In response to the story “Deputy fatally shoots dog during attack” in the Herald-Sun on Dec. 13, we want to be sure readers understand that on Dec. 9, one of our family dogs was shot in the head by a Durham County sheriff’s deputy investigating a break-in — not a break-in at our home, but at our neighbor’s home.

The officer came onto our property from the side yard and our three Jack Russells, not knowing who he was or where he came from, circled him and did what terrier dogs do to protect their territory from strangers or intruders. All three of our pets were wearing fully-functioning invisible fence collars and the driveway boundary was marked by bright orange flagging.

This horrific, senseless act of violence by investigating officer L. Kelly has devastated our family.

We agree completely that police officers should be able to enter private property in good faith to investigate suspicious activity. However, there was no such activity on our property — just our car parked in front of an open garage.

If the officer had entered the property in his patrol car, via our gravel driveway, this senseless killing would have never occurred. Our dogs hear cars approaching and greet all comers (even us) on the edge of their flagged invisible fence boundary. The officer would have passed a “no trespassing” sign and three signs indicating that there are dogs on the premises. At least three deliveries occurred earlier that day without incident.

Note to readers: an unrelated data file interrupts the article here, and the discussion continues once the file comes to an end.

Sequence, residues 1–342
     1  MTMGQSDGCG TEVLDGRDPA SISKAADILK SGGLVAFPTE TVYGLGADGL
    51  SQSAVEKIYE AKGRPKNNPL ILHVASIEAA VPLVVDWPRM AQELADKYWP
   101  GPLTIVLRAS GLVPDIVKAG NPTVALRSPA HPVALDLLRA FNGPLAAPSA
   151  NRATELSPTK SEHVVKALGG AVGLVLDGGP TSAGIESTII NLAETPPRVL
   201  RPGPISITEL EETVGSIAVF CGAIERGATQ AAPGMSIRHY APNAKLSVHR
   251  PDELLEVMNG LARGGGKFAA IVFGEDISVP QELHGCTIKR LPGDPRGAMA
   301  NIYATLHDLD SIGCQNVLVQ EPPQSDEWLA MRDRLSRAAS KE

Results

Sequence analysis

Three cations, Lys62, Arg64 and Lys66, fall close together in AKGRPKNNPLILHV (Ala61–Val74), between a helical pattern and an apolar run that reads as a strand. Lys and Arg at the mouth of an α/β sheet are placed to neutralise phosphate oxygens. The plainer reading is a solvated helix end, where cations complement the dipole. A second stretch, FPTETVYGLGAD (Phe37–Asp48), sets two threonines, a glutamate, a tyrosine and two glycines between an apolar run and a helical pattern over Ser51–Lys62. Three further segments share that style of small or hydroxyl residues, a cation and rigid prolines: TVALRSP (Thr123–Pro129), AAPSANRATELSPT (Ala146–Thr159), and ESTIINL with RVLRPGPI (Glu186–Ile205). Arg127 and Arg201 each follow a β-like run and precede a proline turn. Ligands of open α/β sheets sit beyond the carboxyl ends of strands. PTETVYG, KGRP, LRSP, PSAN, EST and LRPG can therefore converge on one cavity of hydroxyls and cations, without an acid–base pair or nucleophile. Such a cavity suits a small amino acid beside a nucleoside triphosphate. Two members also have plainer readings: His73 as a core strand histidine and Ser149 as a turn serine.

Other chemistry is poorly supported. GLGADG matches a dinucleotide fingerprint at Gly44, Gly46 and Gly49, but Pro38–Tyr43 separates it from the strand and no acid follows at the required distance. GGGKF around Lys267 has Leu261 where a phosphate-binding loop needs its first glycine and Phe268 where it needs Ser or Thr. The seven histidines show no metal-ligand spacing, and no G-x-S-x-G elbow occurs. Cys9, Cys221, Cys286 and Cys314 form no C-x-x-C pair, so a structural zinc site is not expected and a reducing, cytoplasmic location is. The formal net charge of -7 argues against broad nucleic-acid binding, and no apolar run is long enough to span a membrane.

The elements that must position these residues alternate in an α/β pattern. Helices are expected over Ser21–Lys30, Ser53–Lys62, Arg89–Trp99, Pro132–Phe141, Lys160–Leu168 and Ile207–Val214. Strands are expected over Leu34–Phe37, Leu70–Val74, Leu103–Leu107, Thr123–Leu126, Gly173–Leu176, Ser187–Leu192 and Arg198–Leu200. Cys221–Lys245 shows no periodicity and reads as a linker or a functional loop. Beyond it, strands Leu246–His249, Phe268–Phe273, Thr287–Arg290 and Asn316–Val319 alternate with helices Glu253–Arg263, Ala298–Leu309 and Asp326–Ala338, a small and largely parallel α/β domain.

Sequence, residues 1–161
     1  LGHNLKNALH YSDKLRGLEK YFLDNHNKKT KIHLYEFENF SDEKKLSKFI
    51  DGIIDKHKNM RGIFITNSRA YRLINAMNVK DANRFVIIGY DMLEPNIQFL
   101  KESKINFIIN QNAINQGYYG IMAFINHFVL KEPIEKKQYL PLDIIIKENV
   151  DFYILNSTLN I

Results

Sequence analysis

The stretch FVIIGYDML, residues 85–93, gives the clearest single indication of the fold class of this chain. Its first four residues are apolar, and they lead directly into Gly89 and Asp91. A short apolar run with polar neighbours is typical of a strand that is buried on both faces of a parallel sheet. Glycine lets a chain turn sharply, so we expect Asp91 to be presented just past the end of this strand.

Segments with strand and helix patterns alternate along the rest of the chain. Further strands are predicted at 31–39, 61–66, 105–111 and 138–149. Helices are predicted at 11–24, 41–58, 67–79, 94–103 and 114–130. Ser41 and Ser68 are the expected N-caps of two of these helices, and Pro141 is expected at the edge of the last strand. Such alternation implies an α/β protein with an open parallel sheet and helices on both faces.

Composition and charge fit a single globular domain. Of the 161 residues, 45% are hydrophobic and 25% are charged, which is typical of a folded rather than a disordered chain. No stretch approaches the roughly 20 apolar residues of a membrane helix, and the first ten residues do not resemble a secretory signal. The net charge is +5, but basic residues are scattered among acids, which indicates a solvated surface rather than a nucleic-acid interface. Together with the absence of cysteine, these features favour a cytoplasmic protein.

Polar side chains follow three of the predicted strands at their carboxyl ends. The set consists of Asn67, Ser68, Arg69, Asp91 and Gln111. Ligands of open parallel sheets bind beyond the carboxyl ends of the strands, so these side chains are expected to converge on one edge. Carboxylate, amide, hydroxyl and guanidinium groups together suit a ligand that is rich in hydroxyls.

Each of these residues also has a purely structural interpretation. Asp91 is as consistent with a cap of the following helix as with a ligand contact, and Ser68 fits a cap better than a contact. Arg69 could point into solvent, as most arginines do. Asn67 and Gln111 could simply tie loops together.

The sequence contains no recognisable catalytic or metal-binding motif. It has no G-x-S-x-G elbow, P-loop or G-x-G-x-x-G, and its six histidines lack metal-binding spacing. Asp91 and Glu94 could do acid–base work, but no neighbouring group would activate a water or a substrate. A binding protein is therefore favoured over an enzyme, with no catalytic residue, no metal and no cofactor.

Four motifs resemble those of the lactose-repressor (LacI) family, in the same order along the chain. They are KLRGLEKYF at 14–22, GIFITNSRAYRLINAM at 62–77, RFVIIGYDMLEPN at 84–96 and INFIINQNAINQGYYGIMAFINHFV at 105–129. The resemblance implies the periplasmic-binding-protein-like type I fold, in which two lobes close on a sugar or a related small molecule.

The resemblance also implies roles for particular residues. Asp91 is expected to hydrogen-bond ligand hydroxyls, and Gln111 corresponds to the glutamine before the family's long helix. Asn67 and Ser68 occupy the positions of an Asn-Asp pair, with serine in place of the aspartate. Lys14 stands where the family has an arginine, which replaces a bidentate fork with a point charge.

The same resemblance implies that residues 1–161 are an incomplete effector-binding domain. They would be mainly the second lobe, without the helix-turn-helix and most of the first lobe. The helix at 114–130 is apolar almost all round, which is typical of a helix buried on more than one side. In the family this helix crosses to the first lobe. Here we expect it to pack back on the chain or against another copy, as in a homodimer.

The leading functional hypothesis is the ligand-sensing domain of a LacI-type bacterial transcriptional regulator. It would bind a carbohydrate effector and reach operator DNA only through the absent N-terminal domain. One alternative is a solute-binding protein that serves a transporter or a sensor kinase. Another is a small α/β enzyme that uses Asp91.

The above is all true, but is very much irrelevant.

The officer had no right or reason to execute our little dog on our front walkway. The shell casing lay just feet from the invisible fence boundary. All he had to do was walk away. A swift kick and a couple of steps would have done the trick.

Drawing his weapon and shooting our dog in the head was a reckless and violent decision. Any notion that his life was in danger is utterly preposterous. Terriers bark and they nip at your ankles. A bite would not be a nice experience. But life threatening? Never.

This officer ought to be punished to the fullest extent.

Surely use of a weapon is not acceptable behavior for a patrol officer when faced with small dogs reacting to an intruder.

I would appreciate your support of our outrage and disbelief that this could have happened in the name of “law enforcement.”

Baubles and laptops can be replaced. Our beloved Bailey is gone forever.

Bill and Bobbie Hardaker live on Kerley Road in Durham.